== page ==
Tuesday, December 23, 2014

Merry Christmas and Happy Holidays

I had to laugh. I hadn’t even noticed.

A couple of days ago I was walking through the lobby of the Joseph Smith Memorial Building where the headquarters of FamilySearch are located. A magnificent Christmas tree stretches from ground to the chandelier of the magnificent, two-story lobby. A family member turned to me and said,

The bottom half of the Christmas tree is decorated with purple ornaments and the top half, gold.

“The person who decorated the bottom half of that tree should have coordinated with the person who decorated the top!”

Do you think FamilySearch was trying to send a subtle message as to what happens to your tree when you’re cavalier about proving intergenerational kinship? <smile>

Merry Christmas and Happy Holidays to you all!

P.S. To see what Mormons think of Christmas, watch a touching, three minute video at http://www.mormon.org/christmas titled “He Is the Gift.”


  1. How strange. I was a missionary down there for 8 years and loved looking at the remarkable way all the trees on the Temple Square, FHL, COB and JSMB were decorated so beautifully. This one is just plain strange. I wonder what the story is. There has got to be one.

  2. Thanks for sharing. Before the explosion of genealogy data on the Internet, I made an annual trip from the East Coast to the Family Center in Salt Lake City. I would spend a week in their marvelous facility researching and accessing the records.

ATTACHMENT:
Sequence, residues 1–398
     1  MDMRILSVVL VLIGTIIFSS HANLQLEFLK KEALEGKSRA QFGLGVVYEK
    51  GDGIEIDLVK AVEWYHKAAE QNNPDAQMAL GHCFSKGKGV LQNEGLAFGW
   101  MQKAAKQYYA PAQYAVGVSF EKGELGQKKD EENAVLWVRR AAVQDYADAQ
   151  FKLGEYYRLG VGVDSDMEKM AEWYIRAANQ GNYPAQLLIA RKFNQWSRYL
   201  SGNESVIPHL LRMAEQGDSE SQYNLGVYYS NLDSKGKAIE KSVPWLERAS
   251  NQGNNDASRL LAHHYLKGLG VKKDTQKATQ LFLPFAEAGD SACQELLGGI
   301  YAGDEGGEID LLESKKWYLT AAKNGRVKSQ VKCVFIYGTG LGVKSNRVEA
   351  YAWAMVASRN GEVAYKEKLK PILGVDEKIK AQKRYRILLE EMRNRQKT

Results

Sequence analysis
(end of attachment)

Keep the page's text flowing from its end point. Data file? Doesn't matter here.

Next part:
Their friendliness, warmth and assistance was wonderful. In all that time, no one asked my about my beliefs or did so from those working at the long tables on the Center's computers. If you had a question, the person who monitored and helped a few tables would come over to assist you. If he or she couldn't answer it, they brought over a more experienced expert ... and if both couldn't resolve it ... they went up the ladder of skill and a third would join the conversation.

    The World owes a great debt to the LDS'ers who for generations scoured the world translating and preserving the records that would have been lost. And they continue to preserve and share our genealogy heritage.


Note: Only a member of this blog may post a comment.